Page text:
So if it seems too good to be true, it probably is, just let them play it and take your good score.
#5 Doubling because they have a bad auction
You are in 4th seat non vul with the following hand
xxxx QJx xxx Kxx
1C P 1D P
1N P 2C P
2N P 3D P
3N P 4C P
4N P 5H P
6C P P ?
This has to be one of the worst auctions I've ever seen... Time to double!
There are 2 possibility to consider here.
1: They are actually in a normal contract
2: They are not in a normal contract
If #1 is the case, then doubling 6C and having them make it is a sure zero, but if it the right spot, them making it will still about an average board.
if #2 is the case, then doubling 6C cannot possibly help no matter what the situation is.
If they are in a stupid contract, how bad a score is 6C down 3 going to be? Do you really need a bigger top? Even in a team game, do you think your partners are going to play 6C down 3? I'd like to think not.
What if they actually do have big hands, but instead of 6C, they should have been in 6NT? Doubling 6C might turn a near top into a cold zero.
If 6C is going down, it is probably a "Did not double, did not have to" hand. The definition of that is "When the defenders did not bother to or even need to double the opponents contract in order to obtain a good result because they were going down so many tricks."
If 6C is going down and 6NT is making (always possible), or 6C is making, then you don't want to double for many reasons.
So as you can see, there is zero upside to doubling here.
The most important thing to remember from this is: Just because the opponents had a stupid auction, doesn't mean they are in a stupid contract. Even the worst players land on their feet occasionally.
#6 Doubling on your partner's hand
This is especially true today because people are opening lighter and lighter. Take the following hand and auction, you are in 4th seat nobody vulnerable.
Ax Kxx xxx xxxxx
P 1D X P
1S P 3S P
4S P P
A double here would be very risky because partner didn't promise defensive tricks, and the doubler jumped to 3S showing a very strong hand behind him. Not to mention, do you have any idea what to lead here? It's also usually a bad idea to make a close double if you don't have a good opening lead ready to go. So don't double just because your partner opened the bidding or showed some points.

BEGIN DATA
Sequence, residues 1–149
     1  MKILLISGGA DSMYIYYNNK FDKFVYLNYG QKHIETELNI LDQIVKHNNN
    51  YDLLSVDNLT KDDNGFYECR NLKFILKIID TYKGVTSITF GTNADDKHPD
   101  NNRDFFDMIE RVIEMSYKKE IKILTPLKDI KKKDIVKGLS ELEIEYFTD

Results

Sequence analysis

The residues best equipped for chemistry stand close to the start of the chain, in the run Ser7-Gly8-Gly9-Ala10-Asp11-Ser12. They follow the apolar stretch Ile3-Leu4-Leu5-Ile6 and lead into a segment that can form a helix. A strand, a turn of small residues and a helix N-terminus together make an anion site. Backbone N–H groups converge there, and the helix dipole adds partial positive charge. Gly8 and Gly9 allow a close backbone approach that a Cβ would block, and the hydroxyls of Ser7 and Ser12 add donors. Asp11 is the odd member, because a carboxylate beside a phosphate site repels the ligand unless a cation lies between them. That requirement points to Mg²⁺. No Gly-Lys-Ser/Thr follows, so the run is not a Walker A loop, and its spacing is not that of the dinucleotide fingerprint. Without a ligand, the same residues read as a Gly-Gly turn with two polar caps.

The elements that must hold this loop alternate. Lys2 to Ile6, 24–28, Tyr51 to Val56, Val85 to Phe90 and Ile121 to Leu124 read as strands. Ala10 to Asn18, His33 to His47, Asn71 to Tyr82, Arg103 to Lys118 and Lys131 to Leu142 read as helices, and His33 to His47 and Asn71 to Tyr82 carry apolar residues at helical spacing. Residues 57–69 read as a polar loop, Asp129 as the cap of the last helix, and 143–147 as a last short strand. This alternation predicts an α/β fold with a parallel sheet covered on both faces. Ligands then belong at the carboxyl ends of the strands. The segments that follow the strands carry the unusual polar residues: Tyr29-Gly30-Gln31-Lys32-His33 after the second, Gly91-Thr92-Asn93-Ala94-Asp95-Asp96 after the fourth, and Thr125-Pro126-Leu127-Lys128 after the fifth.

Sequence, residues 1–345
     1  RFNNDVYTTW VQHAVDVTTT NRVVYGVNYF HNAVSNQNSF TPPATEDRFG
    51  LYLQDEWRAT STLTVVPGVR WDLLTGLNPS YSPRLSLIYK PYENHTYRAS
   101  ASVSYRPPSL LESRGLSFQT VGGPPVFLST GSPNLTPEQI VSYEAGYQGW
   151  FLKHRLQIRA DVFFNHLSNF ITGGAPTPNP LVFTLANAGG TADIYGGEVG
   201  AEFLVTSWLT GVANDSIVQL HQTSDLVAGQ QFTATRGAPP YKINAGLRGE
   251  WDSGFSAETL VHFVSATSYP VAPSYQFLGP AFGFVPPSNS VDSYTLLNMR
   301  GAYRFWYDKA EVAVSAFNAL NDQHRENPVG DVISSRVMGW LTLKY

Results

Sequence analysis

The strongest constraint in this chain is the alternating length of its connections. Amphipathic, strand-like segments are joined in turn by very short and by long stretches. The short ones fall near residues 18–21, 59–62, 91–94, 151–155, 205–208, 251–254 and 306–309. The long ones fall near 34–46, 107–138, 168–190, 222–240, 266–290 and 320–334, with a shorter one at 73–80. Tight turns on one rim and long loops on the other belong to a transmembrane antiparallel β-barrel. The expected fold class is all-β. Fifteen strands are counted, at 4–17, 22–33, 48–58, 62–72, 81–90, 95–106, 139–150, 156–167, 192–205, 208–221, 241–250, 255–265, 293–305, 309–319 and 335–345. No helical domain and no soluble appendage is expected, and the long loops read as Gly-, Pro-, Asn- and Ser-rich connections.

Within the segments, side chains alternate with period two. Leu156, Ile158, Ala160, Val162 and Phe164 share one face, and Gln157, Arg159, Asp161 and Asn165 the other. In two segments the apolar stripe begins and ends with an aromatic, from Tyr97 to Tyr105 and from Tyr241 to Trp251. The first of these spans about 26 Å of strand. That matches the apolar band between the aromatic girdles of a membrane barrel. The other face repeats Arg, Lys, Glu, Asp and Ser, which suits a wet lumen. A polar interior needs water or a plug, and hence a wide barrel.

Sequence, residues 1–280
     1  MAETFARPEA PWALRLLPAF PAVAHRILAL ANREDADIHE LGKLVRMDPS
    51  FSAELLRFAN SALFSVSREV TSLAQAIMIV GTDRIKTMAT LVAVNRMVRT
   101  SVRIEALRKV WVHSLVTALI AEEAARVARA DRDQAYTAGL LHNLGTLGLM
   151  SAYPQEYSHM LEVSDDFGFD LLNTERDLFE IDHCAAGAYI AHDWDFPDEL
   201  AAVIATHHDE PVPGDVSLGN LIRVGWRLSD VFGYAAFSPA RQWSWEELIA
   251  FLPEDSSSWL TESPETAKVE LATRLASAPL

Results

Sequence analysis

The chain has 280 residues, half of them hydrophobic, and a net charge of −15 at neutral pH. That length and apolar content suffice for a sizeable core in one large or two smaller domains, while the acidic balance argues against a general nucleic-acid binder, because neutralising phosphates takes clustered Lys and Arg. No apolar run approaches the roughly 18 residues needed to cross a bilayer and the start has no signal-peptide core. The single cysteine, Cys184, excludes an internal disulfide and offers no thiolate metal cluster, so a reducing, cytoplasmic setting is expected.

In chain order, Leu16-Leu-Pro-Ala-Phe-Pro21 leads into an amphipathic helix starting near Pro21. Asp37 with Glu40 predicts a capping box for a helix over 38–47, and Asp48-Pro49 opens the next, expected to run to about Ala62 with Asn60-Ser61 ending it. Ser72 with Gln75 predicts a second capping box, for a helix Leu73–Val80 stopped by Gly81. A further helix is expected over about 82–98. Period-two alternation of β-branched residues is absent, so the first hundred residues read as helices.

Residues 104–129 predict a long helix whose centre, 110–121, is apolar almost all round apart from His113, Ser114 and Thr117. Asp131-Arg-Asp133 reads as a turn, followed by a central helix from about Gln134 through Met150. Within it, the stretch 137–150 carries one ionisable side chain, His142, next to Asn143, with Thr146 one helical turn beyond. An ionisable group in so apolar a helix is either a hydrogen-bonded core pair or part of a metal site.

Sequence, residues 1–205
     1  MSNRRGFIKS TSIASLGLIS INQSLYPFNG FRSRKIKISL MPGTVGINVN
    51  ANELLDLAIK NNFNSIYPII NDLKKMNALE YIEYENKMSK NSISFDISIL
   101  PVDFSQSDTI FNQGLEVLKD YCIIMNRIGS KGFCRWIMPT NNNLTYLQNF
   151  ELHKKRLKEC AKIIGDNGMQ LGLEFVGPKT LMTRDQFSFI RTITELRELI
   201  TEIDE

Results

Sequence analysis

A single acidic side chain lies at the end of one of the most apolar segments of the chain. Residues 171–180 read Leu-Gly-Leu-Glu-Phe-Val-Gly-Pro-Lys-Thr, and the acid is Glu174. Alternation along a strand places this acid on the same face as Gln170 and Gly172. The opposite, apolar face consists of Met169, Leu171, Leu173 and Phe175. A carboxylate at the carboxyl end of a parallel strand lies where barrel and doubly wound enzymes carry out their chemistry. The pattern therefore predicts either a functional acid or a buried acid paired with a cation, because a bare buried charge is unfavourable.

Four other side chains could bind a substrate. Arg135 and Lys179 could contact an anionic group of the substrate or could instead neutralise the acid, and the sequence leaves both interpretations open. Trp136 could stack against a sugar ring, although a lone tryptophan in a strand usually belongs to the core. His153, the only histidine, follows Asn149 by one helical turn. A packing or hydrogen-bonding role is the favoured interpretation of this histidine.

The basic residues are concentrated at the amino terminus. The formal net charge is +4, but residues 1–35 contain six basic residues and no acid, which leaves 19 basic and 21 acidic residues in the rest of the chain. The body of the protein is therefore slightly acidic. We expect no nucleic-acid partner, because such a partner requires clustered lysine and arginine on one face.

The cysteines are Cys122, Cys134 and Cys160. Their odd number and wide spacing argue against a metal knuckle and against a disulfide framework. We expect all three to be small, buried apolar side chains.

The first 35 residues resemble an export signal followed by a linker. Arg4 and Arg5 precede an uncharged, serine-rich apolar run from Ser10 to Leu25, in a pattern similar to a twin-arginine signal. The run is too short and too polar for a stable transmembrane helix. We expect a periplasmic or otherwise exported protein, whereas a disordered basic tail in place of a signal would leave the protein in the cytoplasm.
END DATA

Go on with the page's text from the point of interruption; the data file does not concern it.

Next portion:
Here was the full deal.
x QJxx AQxxx Kxx
Jxxxxx x Jx Jxx KQxx Axxxx Kx AQ
Ax Kxx xxx xxxxx
#7 Non equity protection doubles in team games
While doubling frequently in matchpoints is important, in team games the rewards are less for being right, and the penalties significantly greater for being wrong.
Take a normal competitive auction, you are in 4th seat, they are vulnerable and you are not.
1S 2C 2S 3C
3S P P ??
I left the cards off on purpose because they are not important, what is important is the value a double here. In matchpoints, a 1 trick set doubled would score the "Magic 200", which is almost always at or near a top board, and if they make it, it's a bottom. So a 50/50 double is fair odds. However now consider what happens in a team game.
We will assume the law has 15 tricks in play, so if 3S makes, 3C was down 1 and vice versa.
3C= -110 3S-1 +100 Push board
3C= -110 3Sx-1 +200 Win 3 imps
3C-1 +100 3S= -140 Lose 1 imp
3C-1 +100 3Sx= -730 Lose 12 imps
As you can see, doubling risks 11 imps for a gain of 3. Aside from the simple math, partners are usually not very understanding when you bring back -730 to the table in a team game.
Do note that this applies to free doubles, like the one above. 4th seat could have just passed the hand out but chose to make a penalty double of 3S.
There are 3 situations when it is ok to double in team games.
1: You have a solid and surprise trump stack on declarer and they have no where to go. (ie. doesn't violate the 1st 4 laws of this article)
2: It is clearly your hand and the opponents are trying to steal from you or sacrafice and you think you might have game.
3: The opponents are in a misfitting auction and you do not want partner to jump into the mess.
Don't double just on points or just because you have 5 trumps, make sure you can actually set what you're doubling.
Don't make doubles that help the opponents by either telling them where important cards are, or my waking them up that they are in a bad contract
Don't double just because you think your partner has something whether it was done by his bidding or their bidding.
Don't double in team games, especially part scores into game, unless you think you have game or are positive you can set it.